Merry Xmas everyone!merry-christmas-wallpapers-1080p-hd-images


Back to the future…

In recent years we’ve grown accustomed to talking about education in medicine and the tension that exists between service delivery.

I get really frustrated by this.  To my mind the two are intertwined.  I accept that some training has to be done separately e.g. procedural skills, advanced life support etc.  There is however a large proportion of it that can and should be done as part of everyday working.

I was trying to cast my mind back to when I was a Senior House Officer (a somewhat misleading term that is now redundant). In terms of training and education there was no defined program.  Sure a couple of times a week we had an X-ray meeting and a talk from the Consultants but that was essentially it.

Only when I became a Registrar did a teaching program begin.  I’ll be honest I wasn’t a fan.  It took me away from the ward and the clinics.  While I didn’t realise it then I think on reflection it took me away from what I considered to be the real learning.

It was also around this time that the full effects of the European Working Time Directive began to kick in.  Rotas were becoming increasingly fragmented.  Continuity of care on the wards was being lost in order to populate the on call rota.  We were also being told that we had to go to teaching days or we would not be signed off at the end of the year i.e. we would not be allowed to progress in our speciality.

Throughout all this we had to deliver safe care to our patients.  It was at the end of my Registrar years that I began to think ‘surely there has to be a better way?’

I’ve always had an interest in education but a watershed moment in my career was when I did the ‘Doctor as Educator’ course run by the RCPLondon.  It properly got me thinking about not just the what we teach, but the how and the why.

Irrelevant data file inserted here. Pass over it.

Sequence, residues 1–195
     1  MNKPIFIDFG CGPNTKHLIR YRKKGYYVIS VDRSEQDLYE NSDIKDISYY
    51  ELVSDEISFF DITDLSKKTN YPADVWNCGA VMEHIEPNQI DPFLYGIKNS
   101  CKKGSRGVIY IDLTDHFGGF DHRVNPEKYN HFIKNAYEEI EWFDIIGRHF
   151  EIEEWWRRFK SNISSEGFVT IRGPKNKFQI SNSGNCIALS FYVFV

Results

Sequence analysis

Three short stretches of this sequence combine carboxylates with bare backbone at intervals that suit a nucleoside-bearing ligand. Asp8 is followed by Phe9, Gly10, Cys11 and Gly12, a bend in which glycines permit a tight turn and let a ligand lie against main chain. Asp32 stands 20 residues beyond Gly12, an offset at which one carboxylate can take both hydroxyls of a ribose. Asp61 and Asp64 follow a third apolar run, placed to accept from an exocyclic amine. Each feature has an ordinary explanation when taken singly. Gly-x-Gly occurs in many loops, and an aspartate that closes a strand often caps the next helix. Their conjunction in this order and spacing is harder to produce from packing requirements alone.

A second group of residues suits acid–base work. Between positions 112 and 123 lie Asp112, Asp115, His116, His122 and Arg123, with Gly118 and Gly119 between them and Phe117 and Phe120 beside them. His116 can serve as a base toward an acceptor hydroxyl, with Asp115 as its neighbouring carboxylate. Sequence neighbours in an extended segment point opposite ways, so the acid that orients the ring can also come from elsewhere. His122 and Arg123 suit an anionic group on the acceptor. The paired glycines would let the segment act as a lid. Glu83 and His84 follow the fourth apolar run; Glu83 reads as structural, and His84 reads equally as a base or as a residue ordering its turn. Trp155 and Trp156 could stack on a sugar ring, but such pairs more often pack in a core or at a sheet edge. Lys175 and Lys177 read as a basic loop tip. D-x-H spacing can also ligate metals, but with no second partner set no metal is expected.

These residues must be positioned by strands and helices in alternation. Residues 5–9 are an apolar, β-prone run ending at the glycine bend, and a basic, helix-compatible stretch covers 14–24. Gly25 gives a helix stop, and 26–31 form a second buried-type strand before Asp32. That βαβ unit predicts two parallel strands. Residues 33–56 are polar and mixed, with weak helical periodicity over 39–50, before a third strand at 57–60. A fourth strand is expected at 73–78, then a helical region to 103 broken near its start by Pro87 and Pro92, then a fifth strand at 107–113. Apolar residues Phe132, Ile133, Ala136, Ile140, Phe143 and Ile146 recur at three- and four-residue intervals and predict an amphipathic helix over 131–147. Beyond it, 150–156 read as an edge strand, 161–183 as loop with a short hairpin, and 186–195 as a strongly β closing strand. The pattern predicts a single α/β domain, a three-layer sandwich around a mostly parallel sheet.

Education is the foundation from which any service in medicine should be built on.  Not just as lifelong continuing professional development but as a clinical governance issue.  I also believe that a term that should be made redundant is the idea of ‘training posts’ and ‘service posts’.  If we truly believe that patient safety is at the heart of what we do then all doctors have the right to education regardless of post.  We massively contradict ourselves by separating the two out.

Where the argument becomes muddied is we continue to deliver education programs that simply do not fit the requirements of the service or the doctors working within it.  I found this paper interesting in its perspective on Generation Y or Millennials:


We need to support but also challenge our current workforce educators to think a little differently. There are educational moments everywhere.  Not all of them requiring huge amounts of time either.

We need organisations to keep up with technology which needs investment in connectivity.  There needs to be access to online educational resources, an ability to connect with other learners and most of all the ability to share resources and information in real time.

The shared learning experience begins with connection and not separation…..